If you believe carryover N from last year’s drought stricken crop is likely in your fields then soil sampling for NO3 and/or NH4 as a basis for a reduction in this year’s fertilizer application is wise. Otherwise utilizing the general N recommendations (which are based on an average level of background N over the previous 7 years) are warranted. Read the most current Nitrogen Management Guidelines for Indiana4.
|Measuring N from banded fertilizer or manure applications requires different soil sampling procedures than those needed for measuring carryover or broadcast fertilizer.3 If the direction and spacing of the bands cannot be discerned then obtain about twice as many cores as recommended for broadcast applications (30-40 per sample).||
If the location of the band is known and on 30” centers take 1 core in the band and 20 outside the band (diagram to left).
If the direction, but not location of the band is known then take 20 pairs of cores - 1 core plus a second core half the band width away and perpendicular to the band direction.
1For more information, contact J. Camberato (765-496-9338, mailto:email@example.com)
2N Loss Mechanisms and Nitrogen Use Efficiency. Handout for 2006 Purdue Nitrogen Management Workshops. <http://www.agry.purdue.edu/ext/pubs/2006NLossMechanisms.pdf>. [URL accessed April 2013]
3Kitchen, N.R., J.L. Havlin, and D.G. Westfall. 1990. Soil sampling under no-till banded phosphorus. Soil Science Society of America Journal 54:1661-1665.
4Nitrogen Management Guidelines for Indiana. On-line at: <http://www.agry.purdue.edu/ext/corn/news/timeless/NitrogenMgmt.pdf>. [URL accessed April 2013].
Indiana’s Weather Forecast - (Jim Noel, NOAA/NWS/Ohio River Forecast Center) –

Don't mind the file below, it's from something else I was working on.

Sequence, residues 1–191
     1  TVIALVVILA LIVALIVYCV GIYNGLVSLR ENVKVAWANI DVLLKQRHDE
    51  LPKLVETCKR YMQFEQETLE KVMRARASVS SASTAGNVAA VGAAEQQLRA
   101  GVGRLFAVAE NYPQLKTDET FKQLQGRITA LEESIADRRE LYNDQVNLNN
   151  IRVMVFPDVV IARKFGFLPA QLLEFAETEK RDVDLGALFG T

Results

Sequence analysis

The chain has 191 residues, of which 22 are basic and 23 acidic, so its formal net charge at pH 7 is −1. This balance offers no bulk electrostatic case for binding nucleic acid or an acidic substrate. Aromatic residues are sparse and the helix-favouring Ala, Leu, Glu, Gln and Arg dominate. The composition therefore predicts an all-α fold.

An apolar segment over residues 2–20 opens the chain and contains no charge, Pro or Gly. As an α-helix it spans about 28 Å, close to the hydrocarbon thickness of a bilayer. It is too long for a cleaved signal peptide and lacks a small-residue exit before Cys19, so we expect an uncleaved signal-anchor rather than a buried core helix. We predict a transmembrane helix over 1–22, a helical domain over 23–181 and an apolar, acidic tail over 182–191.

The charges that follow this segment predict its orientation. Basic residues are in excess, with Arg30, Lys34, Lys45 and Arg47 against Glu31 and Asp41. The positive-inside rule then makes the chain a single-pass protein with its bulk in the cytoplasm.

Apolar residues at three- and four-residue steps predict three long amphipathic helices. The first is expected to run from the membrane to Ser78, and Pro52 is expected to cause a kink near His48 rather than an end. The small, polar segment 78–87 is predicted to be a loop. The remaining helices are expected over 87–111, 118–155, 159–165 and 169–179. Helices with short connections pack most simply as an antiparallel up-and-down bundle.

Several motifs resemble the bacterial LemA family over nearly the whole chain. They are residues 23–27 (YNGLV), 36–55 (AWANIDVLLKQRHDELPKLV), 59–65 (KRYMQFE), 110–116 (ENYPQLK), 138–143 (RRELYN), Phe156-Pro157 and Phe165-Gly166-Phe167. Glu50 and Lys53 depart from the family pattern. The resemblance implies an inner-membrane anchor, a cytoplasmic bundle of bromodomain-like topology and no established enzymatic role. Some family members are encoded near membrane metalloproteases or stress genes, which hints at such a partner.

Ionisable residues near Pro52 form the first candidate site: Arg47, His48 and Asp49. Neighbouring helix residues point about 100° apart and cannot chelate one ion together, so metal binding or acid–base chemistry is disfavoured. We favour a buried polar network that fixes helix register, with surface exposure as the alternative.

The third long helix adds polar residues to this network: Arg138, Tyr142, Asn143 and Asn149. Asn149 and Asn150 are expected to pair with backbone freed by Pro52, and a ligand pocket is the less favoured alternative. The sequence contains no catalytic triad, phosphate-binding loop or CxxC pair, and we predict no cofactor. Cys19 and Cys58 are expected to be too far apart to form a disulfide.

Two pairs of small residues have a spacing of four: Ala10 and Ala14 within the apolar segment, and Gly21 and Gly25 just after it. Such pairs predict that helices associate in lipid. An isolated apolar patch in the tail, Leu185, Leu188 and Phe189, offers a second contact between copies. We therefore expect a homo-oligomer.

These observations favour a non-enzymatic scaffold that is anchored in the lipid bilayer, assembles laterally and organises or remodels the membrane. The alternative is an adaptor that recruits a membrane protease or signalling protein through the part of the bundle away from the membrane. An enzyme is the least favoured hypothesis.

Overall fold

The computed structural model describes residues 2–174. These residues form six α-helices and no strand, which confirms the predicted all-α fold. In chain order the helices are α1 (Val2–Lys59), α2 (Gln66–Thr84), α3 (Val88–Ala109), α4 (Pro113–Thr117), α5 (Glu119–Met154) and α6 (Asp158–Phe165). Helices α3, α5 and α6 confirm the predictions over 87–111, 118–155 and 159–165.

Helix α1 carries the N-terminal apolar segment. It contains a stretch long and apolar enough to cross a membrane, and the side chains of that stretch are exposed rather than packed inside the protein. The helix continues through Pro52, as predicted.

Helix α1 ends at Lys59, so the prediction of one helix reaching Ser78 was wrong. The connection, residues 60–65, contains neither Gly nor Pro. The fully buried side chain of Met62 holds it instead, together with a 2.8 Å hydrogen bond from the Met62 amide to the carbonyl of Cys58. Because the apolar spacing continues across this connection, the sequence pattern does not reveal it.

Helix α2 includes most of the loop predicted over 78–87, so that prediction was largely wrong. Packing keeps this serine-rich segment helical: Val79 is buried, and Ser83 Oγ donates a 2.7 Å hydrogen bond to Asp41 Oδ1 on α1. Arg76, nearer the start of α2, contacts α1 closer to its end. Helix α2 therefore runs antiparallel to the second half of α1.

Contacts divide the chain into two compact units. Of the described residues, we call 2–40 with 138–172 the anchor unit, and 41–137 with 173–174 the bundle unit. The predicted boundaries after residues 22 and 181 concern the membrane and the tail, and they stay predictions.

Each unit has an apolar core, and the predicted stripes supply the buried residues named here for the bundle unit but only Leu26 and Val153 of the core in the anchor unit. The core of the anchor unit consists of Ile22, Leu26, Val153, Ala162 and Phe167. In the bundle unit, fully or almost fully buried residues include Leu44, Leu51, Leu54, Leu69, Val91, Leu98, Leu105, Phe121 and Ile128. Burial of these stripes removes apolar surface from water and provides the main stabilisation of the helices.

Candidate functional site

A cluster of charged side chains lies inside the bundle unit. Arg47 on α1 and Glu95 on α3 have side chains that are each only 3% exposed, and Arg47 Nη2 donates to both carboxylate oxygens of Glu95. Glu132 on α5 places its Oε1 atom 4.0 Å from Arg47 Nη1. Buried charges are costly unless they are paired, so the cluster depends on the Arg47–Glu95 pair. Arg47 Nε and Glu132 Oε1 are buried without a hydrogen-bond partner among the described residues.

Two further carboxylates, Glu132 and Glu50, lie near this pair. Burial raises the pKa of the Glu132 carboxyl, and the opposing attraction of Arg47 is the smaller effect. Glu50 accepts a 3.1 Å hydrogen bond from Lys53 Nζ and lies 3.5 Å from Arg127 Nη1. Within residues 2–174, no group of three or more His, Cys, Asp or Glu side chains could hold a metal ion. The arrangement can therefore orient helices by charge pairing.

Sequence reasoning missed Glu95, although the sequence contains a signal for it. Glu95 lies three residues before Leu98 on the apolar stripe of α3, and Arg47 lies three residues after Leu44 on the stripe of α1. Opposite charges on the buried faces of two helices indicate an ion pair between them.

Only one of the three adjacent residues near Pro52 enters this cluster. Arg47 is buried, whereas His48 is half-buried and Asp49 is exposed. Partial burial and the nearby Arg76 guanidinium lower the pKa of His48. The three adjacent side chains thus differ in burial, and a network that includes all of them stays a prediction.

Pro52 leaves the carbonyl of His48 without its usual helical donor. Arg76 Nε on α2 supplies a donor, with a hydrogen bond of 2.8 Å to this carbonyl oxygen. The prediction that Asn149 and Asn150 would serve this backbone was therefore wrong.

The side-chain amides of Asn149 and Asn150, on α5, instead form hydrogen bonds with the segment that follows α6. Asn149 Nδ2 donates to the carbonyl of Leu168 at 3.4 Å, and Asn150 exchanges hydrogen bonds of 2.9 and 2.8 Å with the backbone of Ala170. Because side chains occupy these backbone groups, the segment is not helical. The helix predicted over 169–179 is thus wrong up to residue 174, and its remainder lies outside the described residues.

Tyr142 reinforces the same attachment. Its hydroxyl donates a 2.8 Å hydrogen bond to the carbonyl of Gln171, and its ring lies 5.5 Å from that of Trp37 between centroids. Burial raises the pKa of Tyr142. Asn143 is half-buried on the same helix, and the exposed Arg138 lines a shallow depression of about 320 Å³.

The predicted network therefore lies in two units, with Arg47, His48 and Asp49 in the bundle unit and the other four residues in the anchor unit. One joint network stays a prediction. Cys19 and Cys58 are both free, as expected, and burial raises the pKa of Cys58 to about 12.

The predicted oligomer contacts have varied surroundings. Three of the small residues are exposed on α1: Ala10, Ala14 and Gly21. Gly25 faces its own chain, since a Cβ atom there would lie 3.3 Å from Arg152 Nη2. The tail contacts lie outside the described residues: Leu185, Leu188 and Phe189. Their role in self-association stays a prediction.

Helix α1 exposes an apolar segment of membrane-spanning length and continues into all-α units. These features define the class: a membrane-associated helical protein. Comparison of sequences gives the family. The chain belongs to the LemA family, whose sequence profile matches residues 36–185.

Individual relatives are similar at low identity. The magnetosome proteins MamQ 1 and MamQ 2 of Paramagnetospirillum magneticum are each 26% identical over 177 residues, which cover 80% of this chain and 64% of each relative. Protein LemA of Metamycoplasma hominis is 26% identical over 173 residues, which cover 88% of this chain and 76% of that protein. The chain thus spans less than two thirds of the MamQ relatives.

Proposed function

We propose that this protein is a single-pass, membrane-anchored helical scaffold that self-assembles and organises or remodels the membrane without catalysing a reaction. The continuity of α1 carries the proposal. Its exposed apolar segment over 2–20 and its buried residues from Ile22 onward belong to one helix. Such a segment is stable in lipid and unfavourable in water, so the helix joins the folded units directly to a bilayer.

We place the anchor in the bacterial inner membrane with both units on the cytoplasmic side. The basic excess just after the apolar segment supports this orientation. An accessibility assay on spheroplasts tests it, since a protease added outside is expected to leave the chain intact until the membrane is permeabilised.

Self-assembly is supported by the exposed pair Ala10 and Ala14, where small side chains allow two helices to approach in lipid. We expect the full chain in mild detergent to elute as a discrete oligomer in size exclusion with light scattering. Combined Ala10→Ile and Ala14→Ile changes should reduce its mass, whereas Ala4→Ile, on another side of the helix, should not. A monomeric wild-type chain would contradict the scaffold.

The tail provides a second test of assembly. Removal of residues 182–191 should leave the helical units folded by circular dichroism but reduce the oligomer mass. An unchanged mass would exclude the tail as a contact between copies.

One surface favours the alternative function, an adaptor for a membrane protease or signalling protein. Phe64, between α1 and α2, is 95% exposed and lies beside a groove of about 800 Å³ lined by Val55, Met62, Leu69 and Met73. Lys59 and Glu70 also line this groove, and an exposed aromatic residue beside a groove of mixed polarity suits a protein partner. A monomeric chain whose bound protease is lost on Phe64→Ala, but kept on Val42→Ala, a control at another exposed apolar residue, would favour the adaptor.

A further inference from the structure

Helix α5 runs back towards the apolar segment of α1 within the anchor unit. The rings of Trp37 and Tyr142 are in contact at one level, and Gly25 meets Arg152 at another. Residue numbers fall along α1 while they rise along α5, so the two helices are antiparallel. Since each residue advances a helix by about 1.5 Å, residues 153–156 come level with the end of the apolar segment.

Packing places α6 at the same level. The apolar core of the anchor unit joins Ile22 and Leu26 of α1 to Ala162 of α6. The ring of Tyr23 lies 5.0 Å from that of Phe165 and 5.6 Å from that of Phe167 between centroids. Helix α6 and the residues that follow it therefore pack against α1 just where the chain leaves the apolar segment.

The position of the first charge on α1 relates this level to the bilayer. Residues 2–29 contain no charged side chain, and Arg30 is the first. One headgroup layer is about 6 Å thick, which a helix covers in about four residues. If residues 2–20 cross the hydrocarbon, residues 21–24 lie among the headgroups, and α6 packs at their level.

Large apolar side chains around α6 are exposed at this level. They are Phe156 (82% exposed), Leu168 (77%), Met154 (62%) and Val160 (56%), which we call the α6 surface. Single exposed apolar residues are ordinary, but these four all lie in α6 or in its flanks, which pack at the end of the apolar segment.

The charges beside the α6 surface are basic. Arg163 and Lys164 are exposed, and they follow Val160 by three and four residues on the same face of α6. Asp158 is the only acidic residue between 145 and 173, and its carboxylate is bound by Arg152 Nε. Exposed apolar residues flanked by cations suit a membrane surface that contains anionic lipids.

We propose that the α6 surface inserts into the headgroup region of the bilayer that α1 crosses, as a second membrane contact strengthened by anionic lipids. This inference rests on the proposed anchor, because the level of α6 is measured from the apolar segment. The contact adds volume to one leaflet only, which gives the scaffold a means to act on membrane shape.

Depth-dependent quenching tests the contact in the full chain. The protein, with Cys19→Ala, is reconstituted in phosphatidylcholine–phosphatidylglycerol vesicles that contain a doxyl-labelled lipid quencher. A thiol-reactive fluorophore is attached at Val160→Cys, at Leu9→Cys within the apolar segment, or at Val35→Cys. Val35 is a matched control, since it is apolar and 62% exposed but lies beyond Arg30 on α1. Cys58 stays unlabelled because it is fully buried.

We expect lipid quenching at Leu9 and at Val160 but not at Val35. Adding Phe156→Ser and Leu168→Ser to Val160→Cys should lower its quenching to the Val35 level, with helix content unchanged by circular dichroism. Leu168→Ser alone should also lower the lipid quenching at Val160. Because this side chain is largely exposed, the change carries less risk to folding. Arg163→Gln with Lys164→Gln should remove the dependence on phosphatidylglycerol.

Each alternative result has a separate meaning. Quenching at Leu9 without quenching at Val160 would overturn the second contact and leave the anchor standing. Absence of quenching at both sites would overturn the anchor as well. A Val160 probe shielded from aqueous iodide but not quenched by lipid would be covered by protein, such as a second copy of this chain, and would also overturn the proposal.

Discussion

For Indiana, temperatures have been running normal for April with rainfall, as we all know, above normal. The above normal rainfall has been focused in the central cornbelt from Indiana west to eastern Iowa.
The outlook for the week of April 29 calls for above normal temperatures. Temperatures will retreat to below normal as we head into early to mid May again.
The rainfall outlook for the week of April 29 will be slightly below normal. The great uncertainty in the rainfall forecast in early May but our consensus weather models indicate about normal rainfall. This all hinges on a weather system that develops at the beginning of May. Some weather models take the storm mainly south of Indiana but some bring the rain back to areas of Indiana and points south and east.
A review of our outlook from last fall showed winter 2012/2013 would be slightly warmer and wetter than normal and that is exactly where the numbers came in. Our outlook for spring was for slightly warmer with normal to wetter than normal conditions. Based on where we are at, it looks like spring is on a target for near to slightly below normal temperatures when averaged out due to the cold March and precipitation wetter than normal. Overall, a fairly good outlook from late 2012.The biggest miss was the cold March that was not anticipated.
Soil moisture is in good condition across most of the corn and soybean belt in 2013. The exact opposite of 2012. Data continues to suggest a decent growing year compared to 2012 once the wet conditions relax.
The summer outlook continues to indicate an overall wash from June to August of not far from normal. However, within there are some important details. It looks like the summer starts warmer than normal and trends back to normal by August while the summer starts drier than normal in June and trends to above normal rainfall by August but averages out to a wash.
The long-term trends over many years looks to hold this year where we get a dry burst in either May or June each year then a wet burst often in late summer or fall. 2013 looks on track to see something like that with each year’s magnitude changing. This years does not look as extreme as 2011 or 2012 for May through August which we have been saying since last summer and fall.
The 16-day rainfall outlook from the National Weather Service weather prediction model is attached below. It indicates on average 2 inches of rain in Indiana with most of that coming after May 2. However, there is a lot of uncertainty with the early May weather system. Over the next two weeks, this would bring Indiana rainfall closer in line with normal, but if wrong it favors still above normal rainfall.